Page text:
The apparent diminished status of Stanford 's visit Saturday to Oregon, the Pac-12's game of the year the previous four seasons, fits in with 2014's chaotic profile, though you could make a case that 2013 demonstrated little is truly won in early November because the Cardinal and then the Ducks both face-planted after last season's game, blowing national title hopes.
What's notable about this season's contest is it is not a battle of highly ranked teams. Well, No. 5 Oregon remains so, but Stanford, loser of three games, has been relegated to the "other's receiving votes" category. Ten years ago, that would have been a nice thing on The Farm. Now, folks in Palo Alto, California, have intermingling fretful thoughts about their football team with their next tech start-up idea -- "What about an app that makes every offensive lineman play like David DeCastro?!"
Meanwhile, the once-dominant North Division is no longer the Pac-12's beachfront property. The South owns a 9-4 advantage in games this season against the North, and a pair of South showdowns should displace Oregon-Stanford as the main attractions Saturday: No. 18 Utah at No. 15 Arizona State and No. 14 Arizona at No. 25 UCLA.
Only two relevant FBS teams remain undefeated, No. 1 Mississippi State and No. 2 Florida State, and the odds are against both (either?) getting home unscathed. That means, as we'll get our first look at the rankings of the College Football Playoff selection committee on Tuesday, there will be plenty of jockeying among one- and even perhaps two-loss teams over the next month. Ergo, the Pac-12 is weltering with potential intrigue, and Stanford-Oregon is far from exempted from this.
While Oregon remains atop the Pac-12 pecking order, that standing is tenuous. That, in and of itself, is not terribly shocking. The Ducks' defense and offensive line are suspect. What is surprising is the ultimate usurper is now most likely to come from the South Division in the Pac-12 title game. Did anyone in the entire universe speculate in the preseason that Oregon at Utah on Nov. 8 could have more big-picture meaning than Stanford at Oregon? Answer: No.
Yet Oregon-Stanford is not easily dismissed for four reasons of national import: (1) It could decide the Heisman Trophy, (2) it could decide whether Oregon will remain a candidate for one of four spots in the playoff, (3) it could show whether the Ducks' offense has solved its "Oh, no, a big physical defense!" syndrome and (4) it could get folks off coach Mark Helfrich's back for, well, a week or two.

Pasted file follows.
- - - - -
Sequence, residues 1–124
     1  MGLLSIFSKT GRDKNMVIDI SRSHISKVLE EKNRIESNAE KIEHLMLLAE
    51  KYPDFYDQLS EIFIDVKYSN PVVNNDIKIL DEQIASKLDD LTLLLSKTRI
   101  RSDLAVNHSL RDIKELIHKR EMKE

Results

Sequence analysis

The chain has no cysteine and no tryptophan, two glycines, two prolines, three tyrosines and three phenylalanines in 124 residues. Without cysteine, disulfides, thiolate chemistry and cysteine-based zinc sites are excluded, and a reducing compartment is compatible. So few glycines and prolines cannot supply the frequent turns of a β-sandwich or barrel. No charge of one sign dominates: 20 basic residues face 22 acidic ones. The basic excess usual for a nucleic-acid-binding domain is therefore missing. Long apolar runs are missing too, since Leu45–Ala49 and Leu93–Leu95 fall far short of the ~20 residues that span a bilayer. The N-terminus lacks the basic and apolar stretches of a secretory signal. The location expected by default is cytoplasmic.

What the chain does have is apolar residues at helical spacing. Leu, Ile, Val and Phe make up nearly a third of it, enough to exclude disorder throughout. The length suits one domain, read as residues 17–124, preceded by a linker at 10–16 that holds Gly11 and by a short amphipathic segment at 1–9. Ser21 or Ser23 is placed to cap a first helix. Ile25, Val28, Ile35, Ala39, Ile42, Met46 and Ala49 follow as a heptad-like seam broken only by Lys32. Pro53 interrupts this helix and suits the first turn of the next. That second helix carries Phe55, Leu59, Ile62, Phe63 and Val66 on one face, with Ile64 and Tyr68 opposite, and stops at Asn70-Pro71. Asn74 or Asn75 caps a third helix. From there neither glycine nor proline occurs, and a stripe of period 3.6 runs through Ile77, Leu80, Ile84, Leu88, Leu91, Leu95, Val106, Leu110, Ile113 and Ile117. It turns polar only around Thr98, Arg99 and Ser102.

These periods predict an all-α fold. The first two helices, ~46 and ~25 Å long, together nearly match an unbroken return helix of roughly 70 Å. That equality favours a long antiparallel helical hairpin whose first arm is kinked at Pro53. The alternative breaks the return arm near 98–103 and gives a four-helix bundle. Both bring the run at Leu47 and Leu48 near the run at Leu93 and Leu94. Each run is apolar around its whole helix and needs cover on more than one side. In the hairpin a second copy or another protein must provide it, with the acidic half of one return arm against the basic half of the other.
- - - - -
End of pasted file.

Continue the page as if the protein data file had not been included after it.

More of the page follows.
No. 1 is obvious. Oregon quarterback Marcus Mariota is the best college football player in the nation. Everyone knows this. If every FBS team disbanded today and we held a draft, every single coach in the nation would select him first. Yes, that includes Florida State coach Jimbo Fisher.
But we also know the Heisman isn't always about being the best player. If Mariota ends his career 0-3 against Stanford, that will be held against him by voters, and not without justification. Winning matters. If Mariota can't elevate his game against his nemesis, his candidacy will lack the requisite magic voters want. In fact, considering Stanford's status drop, almost exclusively because of a sagging offense, the national audience will tune in to watch Mariota battle a rugged, yes, SEC-ish defense -- with the scoreboard being a secondary concern, at least initially.
As for the potential result, here's a guess that more than a few of you watching Stanford dismantle Oregon State 38-14 on Saturday thought the team in red looked awfully familiar. Not only was Stanford predictably dominant on defense, despite a couple of key injuries, it also broke out of its offensive malaise despite some boneheaded moments from quarterback Kevin Hogan, who, by the way, is 2-0 versus Oregon. It's entirely possible the Ducks' fair-to-middling defense will encounter an offense ready to play its best football of the season, and that is a plot-thickener.
Yet if Oregon hangs up, say, 35 points -- a total no team has approached this season -- in a victory over the Cardinal, we could get a momentous sweep of our four reasons of national import. With a Heisman-like performance from Mariota, the Ducks could polish their CFP bona fides, pending, of course, a clean slate through Dec. 5. National critics would have to tip their caps to the Ducks taking care of business against an A-list defense, and Helfrich could stand before a mirror at his home and -- privately, of course -- unleash his barbaric yawp over the roofs of Eugene, Oregon.
A defining Oregon win, some might be smirking, has been predicted by many (cough) the previous two seasons but not come to fruition. While this version of the Cardinal doesn't appear as complete as the 2012 and 2013 vintages, hindsight has tended to hold sway in this rivalry. Hogan winning as a first-year starter in Autzen Stadium in 2012? Not a chance. Mariota and the Ducks' offense -- averaging 55.6 points per game -- getting slowed down last fall? Please.
So, yeah, when so-called pundits throw out predictions this week, the wise ones won't hold too much confidence this game is going to be predictable -- or lack ramifications, both regional and national.